Rent from the team will provide roughly one-sixth of the total needed to pay off the bond issue. The remainder will be covered by public funds raised through a 10 percent tax on ticket sales and concessions, a 12 percent tax on stadium parking and a graduated tax on District companies whose gross receipts exceed $4 million.

What does the city get from this deal? A major league team to whose games residents of the Washington metropolitan area will be able to buy tickets. That’s about it. Under the deal inked with Major League Baseball, the District will get not one cent from advertising proceeds, local television or other media rights. Despite building and paying for most of the stadium, the District would have the right to use or rent it out just 12 days a year. The team owners, by contrast, would be able to rent it out — and keep all of the proceeds — on other non-game days. The agreement commits the team to support various community activities, but omits mention of how much money the team will be required to spend on such activities. The amended package released this week puts in provisions that would let the District tax itself to fund up to $450 million in community activities. The city always had this power. This codicil in no way increases baseball’s commitment to help the District pay for its myriad social needs.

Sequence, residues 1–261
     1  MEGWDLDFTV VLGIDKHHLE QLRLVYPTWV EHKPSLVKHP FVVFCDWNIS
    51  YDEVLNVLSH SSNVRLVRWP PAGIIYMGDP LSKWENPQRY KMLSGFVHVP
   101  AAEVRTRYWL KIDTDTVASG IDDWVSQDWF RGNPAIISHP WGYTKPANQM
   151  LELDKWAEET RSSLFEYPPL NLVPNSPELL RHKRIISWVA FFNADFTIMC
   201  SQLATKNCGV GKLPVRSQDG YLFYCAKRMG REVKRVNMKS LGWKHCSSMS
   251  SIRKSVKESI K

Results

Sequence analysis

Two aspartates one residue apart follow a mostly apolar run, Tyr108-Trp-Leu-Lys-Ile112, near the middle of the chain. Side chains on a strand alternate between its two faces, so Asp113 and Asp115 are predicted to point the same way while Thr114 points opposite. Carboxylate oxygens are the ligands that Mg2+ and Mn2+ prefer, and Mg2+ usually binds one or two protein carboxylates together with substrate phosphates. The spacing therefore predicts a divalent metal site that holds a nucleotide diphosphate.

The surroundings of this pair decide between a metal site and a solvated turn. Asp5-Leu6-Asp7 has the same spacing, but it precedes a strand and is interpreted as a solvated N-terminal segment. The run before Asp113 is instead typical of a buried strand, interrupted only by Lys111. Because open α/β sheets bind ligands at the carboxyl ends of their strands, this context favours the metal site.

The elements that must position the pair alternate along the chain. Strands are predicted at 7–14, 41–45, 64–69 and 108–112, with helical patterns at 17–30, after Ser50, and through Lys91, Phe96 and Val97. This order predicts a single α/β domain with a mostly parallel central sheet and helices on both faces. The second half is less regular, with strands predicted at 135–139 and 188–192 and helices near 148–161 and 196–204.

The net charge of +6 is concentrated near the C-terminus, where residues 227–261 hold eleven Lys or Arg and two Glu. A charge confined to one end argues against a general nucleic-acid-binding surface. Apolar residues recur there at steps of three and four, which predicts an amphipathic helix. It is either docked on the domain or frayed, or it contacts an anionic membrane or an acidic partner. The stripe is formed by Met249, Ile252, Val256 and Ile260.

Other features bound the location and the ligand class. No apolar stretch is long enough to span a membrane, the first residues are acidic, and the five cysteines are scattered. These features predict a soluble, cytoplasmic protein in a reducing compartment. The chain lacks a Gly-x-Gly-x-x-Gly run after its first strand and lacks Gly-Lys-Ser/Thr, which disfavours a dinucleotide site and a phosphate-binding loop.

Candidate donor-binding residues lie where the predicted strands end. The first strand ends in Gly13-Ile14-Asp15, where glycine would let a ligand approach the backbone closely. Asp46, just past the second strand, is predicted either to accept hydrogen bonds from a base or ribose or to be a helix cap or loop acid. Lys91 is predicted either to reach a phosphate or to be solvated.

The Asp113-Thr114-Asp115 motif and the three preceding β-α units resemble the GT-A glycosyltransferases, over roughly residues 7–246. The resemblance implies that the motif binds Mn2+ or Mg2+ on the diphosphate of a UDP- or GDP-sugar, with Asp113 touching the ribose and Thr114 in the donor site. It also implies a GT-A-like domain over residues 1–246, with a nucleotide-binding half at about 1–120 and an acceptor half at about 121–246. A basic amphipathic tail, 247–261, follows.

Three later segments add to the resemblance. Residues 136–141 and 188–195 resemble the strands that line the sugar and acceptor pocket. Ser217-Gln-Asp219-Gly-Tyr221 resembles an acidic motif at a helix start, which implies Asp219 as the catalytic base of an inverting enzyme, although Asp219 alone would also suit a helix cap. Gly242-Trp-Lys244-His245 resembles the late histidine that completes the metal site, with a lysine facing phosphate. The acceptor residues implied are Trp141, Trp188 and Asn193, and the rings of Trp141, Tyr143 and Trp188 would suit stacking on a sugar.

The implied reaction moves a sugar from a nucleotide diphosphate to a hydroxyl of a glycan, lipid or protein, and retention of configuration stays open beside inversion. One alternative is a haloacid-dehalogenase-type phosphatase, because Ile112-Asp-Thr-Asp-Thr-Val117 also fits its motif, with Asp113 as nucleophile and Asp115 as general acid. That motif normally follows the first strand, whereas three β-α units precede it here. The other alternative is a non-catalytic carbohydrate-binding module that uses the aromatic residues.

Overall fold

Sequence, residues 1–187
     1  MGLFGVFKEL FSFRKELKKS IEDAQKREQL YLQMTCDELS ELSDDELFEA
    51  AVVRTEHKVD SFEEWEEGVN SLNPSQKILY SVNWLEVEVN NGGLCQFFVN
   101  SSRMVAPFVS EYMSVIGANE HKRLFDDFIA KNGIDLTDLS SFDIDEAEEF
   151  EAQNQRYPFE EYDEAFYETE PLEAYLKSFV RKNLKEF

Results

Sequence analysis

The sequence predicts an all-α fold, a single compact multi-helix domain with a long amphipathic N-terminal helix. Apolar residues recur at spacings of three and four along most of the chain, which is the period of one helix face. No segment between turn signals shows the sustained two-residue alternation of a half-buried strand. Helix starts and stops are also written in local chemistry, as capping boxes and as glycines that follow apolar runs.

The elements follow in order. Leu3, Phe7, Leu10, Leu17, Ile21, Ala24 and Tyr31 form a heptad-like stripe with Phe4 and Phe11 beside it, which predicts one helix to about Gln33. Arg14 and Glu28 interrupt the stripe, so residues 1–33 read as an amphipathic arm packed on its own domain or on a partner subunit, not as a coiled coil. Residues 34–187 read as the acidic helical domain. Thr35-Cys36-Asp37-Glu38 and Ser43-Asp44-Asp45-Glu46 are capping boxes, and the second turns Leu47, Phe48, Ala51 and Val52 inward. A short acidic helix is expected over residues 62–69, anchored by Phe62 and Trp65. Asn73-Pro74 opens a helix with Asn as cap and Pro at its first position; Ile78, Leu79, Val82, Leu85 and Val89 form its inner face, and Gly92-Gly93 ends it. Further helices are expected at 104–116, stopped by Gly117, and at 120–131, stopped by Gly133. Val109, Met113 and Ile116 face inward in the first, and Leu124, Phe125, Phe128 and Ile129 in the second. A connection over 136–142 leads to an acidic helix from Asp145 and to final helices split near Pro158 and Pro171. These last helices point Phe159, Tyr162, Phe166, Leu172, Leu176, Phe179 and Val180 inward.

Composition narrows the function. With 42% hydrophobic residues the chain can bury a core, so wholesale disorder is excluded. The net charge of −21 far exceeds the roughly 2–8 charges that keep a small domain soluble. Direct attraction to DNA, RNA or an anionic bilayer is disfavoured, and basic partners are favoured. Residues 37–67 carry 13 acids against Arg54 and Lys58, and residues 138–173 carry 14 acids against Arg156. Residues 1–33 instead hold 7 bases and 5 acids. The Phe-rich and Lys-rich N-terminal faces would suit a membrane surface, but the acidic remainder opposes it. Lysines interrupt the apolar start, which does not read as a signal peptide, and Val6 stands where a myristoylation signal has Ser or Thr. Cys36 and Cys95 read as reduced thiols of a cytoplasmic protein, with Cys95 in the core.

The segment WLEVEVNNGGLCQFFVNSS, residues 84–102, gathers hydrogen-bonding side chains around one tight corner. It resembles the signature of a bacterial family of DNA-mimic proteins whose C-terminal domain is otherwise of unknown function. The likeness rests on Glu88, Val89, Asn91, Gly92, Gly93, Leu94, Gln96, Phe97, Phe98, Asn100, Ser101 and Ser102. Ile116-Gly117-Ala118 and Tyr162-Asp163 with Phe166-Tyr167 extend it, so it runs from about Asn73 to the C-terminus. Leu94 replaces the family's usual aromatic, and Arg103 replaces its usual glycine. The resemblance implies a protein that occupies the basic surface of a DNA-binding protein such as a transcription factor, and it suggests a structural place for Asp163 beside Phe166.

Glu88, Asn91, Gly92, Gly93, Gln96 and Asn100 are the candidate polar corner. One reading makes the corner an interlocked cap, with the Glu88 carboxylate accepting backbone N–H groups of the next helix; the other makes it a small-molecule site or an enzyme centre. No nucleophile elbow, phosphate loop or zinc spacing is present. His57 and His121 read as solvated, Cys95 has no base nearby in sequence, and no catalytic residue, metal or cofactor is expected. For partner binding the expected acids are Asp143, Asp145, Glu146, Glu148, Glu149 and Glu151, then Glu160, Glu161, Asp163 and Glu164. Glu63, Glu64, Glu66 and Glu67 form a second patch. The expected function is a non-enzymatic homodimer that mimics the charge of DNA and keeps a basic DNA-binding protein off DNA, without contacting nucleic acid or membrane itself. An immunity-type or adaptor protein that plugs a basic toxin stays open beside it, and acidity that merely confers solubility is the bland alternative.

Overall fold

There is one nice perk in the deal. During the regular season, the Sports and Entertainment Commission gets the use of two private suites, parking and 25 box seats, free of charge. In the post-season, the commission can have the space, but it has to pay for it, just like season-ticket holders.